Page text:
Korean J Fam Pract. 2017; 7(6): 851-857  https://doi.org/10.21215/kjfp.2017.7.6.851
Difference of Subjective Body Image Perception in Diabetic and Non-Diabetic Subjects
Yeonhee Kim, Juhyun Lee*, Soshin Kye, Kichul Kim, Kyuha Lee, Mina Cho, Hankyu Choi
Department of Family Medicine, National Police Hospital, Seoul, Korea
Juhyun Lee
Tel: +82-2-3400-1253, Fax: +82-2-3400-1366
E-mail: nphlee@police.go.kr
Received: March 8, 2017; Revised: June 6, 2017; Accepted: July 26, 2017; Published online: December 20, 2017.
© Korean Academy of Family Medicine. All rights reserved.

This is an open-access article distributed under the terms of the Creative Commons Attribution Non-Commercial License (http://creativecommons.org/licenses/by-nc/4.0) which permits unrestricted noncommercial use, distribution, and reproduction in any medium, provided the original work is properly cited.
Background: Obesity is known as a risk factor of type 2 diabetes mellitus (T2DM) and its complications, and maintaining appropriate weight is important for patients with DM. According to a study from western country, there was difference in subjective body image (SBI) perception between subjects with and without DM. We conducted a study to investigate the subject in Korean population.
Methods: Total 4,475 adult subjects were included from the 2014 Korean national health and imaging survey data, and divided into DM group and non-DM group.
Results: Mean age, mean body mass index (BMI), mean abdominal circumference, smoking rate, and prevalence of hypertension were higher in DM group (P<0.001), whereas weight control effort and physical activity were lower in DM group (P<0.001). In male subjects, there was no significant difference of SBI between DM and non-DM group, except for subjective perception of ‘very thin’ and ‘mild obesity’. In SBI perception female, BMI of were higher in DM group (P<0.001), except for subjective perception of ‘severe obesity’. Also, in both the male and female subjects, proportion of patients who are actually overweight perceiving their SBI as normal or skinny was higher in the DM group.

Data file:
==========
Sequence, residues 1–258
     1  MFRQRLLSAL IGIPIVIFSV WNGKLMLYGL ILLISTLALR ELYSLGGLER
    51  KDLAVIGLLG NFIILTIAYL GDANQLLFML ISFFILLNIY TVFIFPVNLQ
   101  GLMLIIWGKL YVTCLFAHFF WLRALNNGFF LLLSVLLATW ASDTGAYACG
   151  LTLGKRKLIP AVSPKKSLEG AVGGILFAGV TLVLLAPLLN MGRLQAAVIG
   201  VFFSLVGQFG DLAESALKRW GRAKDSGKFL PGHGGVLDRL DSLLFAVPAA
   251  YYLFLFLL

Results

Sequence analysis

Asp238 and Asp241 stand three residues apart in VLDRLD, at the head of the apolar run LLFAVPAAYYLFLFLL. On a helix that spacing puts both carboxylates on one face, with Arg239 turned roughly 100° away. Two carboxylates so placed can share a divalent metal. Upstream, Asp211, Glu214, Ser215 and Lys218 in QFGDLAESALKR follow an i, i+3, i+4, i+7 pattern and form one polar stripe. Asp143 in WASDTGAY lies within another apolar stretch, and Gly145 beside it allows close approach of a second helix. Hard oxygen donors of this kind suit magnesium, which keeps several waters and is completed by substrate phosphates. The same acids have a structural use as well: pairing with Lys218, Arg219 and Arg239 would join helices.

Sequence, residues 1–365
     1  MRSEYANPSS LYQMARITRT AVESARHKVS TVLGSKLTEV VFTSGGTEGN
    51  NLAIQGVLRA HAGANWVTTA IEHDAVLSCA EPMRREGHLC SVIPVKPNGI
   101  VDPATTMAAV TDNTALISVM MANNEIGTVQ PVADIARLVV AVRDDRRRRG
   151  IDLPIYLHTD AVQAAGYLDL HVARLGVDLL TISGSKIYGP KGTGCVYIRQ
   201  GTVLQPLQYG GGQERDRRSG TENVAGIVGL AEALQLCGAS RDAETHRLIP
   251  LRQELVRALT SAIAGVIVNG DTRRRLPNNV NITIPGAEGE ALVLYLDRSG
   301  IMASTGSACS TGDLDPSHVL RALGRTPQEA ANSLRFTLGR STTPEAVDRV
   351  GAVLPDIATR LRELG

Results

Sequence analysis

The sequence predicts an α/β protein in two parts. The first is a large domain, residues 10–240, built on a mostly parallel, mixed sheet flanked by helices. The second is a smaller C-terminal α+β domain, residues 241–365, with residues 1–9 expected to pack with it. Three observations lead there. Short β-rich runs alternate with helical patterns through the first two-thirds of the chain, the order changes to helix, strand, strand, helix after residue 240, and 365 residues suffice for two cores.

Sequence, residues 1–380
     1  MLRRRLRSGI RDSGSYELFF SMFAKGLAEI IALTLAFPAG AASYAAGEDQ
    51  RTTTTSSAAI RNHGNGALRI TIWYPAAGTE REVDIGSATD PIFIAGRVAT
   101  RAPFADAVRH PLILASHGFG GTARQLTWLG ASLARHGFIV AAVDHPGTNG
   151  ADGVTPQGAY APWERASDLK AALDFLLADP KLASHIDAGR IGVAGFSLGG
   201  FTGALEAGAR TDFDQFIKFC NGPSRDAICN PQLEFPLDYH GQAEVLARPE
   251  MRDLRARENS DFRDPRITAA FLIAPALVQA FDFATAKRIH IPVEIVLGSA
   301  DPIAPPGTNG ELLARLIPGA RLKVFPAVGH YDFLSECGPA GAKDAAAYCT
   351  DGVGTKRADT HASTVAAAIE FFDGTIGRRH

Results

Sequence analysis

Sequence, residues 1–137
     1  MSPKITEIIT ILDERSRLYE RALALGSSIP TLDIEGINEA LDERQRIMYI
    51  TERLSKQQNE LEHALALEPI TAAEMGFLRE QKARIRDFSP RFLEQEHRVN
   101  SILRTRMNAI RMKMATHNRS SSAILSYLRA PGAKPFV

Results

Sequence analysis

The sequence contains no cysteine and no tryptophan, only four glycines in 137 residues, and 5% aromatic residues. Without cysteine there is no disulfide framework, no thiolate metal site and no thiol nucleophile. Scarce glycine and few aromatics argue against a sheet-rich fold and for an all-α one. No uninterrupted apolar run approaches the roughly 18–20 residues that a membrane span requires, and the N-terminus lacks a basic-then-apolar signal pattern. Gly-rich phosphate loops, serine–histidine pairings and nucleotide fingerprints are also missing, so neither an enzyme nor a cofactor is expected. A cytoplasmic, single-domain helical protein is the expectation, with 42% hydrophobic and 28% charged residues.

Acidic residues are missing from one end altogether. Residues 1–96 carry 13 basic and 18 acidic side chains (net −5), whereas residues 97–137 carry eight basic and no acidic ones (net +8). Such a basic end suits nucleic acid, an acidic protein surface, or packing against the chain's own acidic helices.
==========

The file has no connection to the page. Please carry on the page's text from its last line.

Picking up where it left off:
Conclusion: Difference exists between the SBI of DM and non-DM group. Intervention is needed to increase the agreement between objective degree of obesity and SBI perception of DM patients, which might aid management of DM and its complications. Also, considering the medical expense of DM patients, reduction of total social medial expense is expected.
Keywords: Diabetes Mellitus; Body Mass Index; Obesity
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